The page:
You can configure the following settings for CRL checking:

  • Static CDPs—A static CDP is a CDP whose address (URI) is specified in the [Static_CDPs] section of a TLS or TTLS initialization file.

  • CRL expiration—The CRL checking feature can be configured to operate in strict or lax mode.

    • In strict mode, a cached CRL that has expired is immediately discarded; if SBR Carrier cannot acquire a new CRL in the allotted time during a CRL check on a chain, the user is rejected.

    • In lax mode, you can configure SBR Carrier to accept an expired CRL for a period past its expiration.

    SBR Carrier attempts to obtain a current CRL whether it is running in strict or lax mode.

  • Missing CDP attribute—When a CRL check is performed on a certificate chain, SBR Carrier reads the contents of the CDP attribute for each certificate past the root certificate and uses the CDP information to retrieve the appropriate CRL. If a non-root certificate in the chain does not contain a CDP attribute, no CRL checking is performed for that certificate. You can configure EAP-TLS to reject the user if it encounters a non-root certificate that is missing a CDP attribute.

  • Incomplete LDAP CDP—Some CAs may create certificates that contain an LDAP-style CDP (//ldap:\\...) that does not specify the identity of the LDAP server to be queried. You can designate a default LDAP server that is used when such CDPs are encountered. If you do not designate a default LDAP server and an LDAP-style CDP is encountered, the CRL retrieval fails.

  • HTTP proxies for CRL checking—Network security policy may prevent SBR Carrier from making a direct HTTP connection to a CDP. In such cases, you can configure SBR Carrier to download CRLs through an HTTP proxy server on its local network. Optionally, you can specify the hosts or domains that do not require an HTTP proxy.

  • CRL cache flushing—You can flush the CRL caches used for EAP-TLS and EAP-TTLS authentication at any time.

Configuring Server Certificates

Configuring Server Certificates

Valid server certificates must be in place on the SBR Carrier server before you configure the EAP-TLS, EAP-TTLS, and EAP-PEAP authentication protocols. You can add multiple server certificates to the SBR Carrier server.


SBR Carrier does not support DSA type certificates.

Creating a Certificate

Creating a Certificate

To create a server certificate using the Web GUI:

  1. Select RADIUS Configuration > Authentication Policies > Certificates.

    The Server Certificates List page (Figure 81) appears.

    Figure 81: Server Certificates List Page
    Server Certificates
List Page
  2. Click Create.

    The Create Certificate Request dialog box (Figure 82) appears.

    Figure 82: Create Certificate Request Dialog
Certificate Request Dialog
  3. Enter a common name for the certificate in the Common Name field.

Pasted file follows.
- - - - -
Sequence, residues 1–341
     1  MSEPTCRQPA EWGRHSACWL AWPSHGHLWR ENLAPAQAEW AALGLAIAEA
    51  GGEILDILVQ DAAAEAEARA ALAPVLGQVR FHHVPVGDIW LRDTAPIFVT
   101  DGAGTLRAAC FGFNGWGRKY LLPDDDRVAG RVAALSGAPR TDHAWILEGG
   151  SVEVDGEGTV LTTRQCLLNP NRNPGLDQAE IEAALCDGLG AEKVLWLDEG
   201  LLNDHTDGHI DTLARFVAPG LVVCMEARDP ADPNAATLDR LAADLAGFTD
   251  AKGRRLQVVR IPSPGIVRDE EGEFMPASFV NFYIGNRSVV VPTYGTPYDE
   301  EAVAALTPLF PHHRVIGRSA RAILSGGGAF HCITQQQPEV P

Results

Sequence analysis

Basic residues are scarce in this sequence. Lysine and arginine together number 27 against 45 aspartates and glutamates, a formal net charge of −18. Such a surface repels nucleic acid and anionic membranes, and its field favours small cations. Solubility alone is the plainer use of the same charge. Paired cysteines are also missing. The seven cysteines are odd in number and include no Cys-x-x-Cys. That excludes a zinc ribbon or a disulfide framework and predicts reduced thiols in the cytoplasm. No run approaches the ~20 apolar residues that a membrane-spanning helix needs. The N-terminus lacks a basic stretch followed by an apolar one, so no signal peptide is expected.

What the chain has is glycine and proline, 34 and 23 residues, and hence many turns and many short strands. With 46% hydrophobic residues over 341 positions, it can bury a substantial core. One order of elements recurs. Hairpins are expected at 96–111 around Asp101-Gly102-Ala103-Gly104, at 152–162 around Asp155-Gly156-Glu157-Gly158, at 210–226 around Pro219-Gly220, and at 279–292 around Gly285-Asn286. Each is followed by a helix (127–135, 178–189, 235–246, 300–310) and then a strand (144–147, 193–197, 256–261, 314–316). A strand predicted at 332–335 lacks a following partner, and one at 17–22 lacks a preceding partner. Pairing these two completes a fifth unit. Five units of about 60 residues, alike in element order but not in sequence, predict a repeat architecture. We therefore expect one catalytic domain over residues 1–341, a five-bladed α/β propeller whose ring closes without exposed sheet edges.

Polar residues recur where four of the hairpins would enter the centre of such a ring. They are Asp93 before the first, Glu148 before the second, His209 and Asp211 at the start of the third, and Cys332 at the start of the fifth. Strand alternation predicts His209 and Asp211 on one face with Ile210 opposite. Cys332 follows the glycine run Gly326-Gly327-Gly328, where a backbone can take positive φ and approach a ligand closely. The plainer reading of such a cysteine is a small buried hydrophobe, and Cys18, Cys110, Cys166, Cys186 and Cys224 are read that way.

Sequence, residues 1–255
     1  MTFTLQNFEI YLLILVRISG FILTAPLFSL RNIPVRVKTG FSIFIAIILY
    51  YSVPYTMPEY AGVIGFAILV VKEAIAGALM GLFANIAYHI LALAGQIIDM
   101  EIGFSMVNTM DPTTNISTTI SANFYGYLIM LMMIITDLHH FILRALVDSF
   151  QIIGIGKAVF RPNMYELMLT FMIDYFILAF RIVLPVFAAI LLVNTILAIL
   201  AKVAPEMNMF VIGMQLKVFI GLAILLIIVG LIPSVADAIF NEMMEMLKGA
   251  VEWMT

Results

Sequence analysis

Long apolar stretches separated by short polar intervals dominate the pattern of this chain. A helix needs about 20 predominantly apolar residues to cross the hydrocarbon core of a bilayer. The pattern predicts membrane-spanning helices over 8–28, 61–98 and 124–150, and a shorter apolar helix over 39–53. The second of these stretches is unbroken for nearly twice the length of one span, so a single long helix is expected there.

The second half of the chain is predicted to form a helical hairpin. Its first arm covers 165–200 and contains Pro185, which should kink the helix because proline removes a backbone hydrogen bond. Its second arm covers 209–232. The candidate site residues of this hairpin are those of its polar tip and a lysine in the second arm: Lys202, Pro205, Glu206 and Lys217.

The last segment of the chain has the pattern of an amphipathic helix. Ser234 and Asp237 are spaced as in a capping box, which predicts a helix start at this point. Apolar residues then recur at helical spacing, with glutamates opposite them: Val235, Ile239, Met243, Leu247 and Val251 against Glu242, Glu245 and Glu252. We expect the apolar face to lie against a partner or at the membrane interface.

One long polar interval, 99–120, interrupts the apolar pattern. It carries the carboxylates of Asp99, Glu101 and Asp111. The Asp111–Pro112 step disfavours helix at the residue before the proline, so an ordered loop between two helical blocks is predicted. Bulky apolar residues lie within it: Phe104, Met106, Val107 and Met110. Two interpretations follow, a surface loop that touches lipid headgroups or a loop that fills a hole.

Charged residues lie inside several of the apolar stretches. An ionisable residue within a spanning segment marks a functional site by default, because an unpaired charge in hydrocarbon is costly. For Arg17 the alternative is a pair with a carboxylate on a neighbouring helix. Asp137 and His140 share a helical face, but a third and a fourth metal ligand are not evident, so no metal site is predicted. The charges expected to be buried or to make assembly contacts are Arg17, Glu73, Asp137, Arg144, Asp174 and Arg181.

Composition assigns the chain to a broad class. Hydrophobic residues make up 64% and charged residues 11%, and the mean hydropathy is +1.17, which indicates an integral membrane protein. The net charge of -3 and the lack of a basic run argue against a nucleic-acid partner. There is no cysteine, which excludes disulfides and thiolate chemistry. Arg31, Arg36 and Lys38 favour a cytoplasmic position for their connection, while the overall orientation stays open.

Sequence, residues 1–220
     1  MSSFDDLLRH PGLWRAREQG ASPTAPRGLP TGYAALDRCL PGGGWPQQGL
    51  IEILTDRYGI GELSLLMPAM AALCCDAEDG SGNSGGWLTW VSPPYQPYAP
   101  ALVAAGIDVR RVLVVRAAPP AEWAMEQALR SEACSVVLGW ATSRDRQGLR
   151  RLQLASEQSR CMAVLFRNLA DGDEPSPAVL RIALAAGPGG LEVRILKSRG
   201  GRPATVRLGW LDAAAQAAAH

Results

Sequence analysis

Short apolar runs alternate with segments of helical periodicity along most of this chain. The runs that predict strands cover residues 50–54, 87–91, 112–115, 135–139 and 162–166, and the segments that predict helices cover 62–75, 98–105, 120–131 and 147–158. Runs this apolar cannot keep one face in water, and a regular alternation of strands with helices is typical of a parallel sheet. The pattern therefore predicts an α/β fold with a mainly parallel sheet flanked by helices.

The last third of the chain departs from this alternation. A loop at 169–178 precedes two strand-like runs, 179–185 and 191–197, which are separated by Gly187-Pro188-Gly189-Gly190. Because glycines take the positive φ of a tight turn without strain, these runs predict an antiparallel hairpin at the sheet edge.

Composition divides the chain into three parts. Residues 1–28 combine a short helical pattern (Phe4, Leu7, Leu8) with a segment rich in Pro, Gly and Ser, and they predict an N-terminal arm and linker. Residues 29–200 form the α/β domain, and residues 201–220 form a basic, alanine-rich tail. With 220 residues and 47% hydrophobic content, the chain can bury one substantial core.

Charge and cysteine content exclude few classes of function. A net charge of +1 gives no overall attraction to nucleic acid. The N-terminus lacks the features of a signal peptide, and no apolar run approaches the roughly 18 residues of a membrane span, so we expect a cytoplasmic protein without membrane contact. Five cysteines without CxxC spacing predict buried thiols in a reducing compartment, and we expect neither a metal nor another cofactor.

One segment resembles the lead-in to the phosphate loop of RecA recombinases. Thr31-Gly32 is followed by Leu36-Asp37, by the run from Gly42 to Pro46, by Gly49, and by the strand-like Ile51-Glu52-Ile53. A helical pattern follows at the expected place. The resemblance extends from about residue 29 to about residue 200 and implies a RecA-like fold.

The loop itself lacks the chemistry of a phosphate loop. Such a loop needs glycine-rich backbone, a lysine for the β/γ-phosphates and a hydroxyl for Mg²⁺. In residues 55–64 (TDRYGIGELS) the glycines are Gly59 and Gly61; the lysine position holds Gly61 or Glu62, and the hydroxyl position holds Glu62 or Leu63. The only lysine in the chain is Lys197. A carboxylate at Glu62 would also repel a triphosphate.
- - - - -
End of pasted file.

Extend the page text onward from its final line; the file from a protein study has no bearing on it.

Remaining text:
4. Enter a password for the private key in the Password for Private Key field.

  5. Optionally, enter the organization name in the Organization field.

  6. Optionally, enter the organization unit name in the Organization unit field.

  7. Optionally, enter the country or region information in the Country/Region field.

  8. Optionally, enter the state or provision information in the State/Provision field.

  9. Optionally, enter the city or locality information in the City/Locality field.

  10. Optionally, enter the e-mail information in the Email field.

  11. Click OK.

    The Create Certificate Request dialog box with links (Figure 83) appears.

    Figure 83: Create Certificate Request Dialog with Links
Certificate Request Dialog with Links
  12. Click the links to download the created certificate and the private key.

  13. Click OK to return to the Server Certificates List page (Figure 81).

Adding a Certificate

Adding a Certificate

To add a certificate to the SBR Carrier server using the Web GUI:

  1. Select RADIUS Configuration > Authentication Policies > Certificates.

    The Server Certificates List page (Figure 81) appears.

  2. Click Add.

    The Add Server Certificate dialog box (Figure 84) appears.

    Figure 84: Add Server Certificate Dialog
    Add Server
Certificate Dialog
  3. Click Browse to browse the location of your server certificate, select the certificate you want to use, and click Open.

  4. Enter the password of the selected certificate in the Password field and click Upload.

    The Upload Successful dialog box (Figure 85) appears.

    Figure 85: Upload Success Dialog
    Upload Success Dialog
  5. Click OK. The Server Certificates List page (Figure 86) displays the added certificate details.


    By default, SBR Carrier notifies you about the certificate’s expiration five days before the expiration date.


    If you upload a certificate file and a key file separately through the Web GUI, SBR Carrier converts these files (of type .cer, .der, or .crt) to the .pfx format and saves it in the server. The name of certificate file will be used for the server certificate name with the extension of .pfx.

    Figure 86: Server Certificates List Page with Certificate Details
Certificates List Page with Certificate Details
  6. Optionally, select the Replicate Certificate check box to replicate the added certificate.


    This certificate replication setting is applicable only if the SBR Carrier server acts as the primary server.

  7. Configure the Default Certificate from the list of added server certificates. The default certificate will be used as the server certificate for non-realm EAP requests.

  8. Click Apply to save the changes.

Deleting a Certificate

Deleting a Certificate

To delete a certificate from the SBR Carrier database:

  1. Select RADIUS Configuration > Authentication Policies > Certificates.

    The Server Certificates List page (Figure 81) appears.

  2. Select one or more certification entries that you want to delete.

  3. Click Delete.

  4. Click Apply to save the deletion in the SBR Carrier database.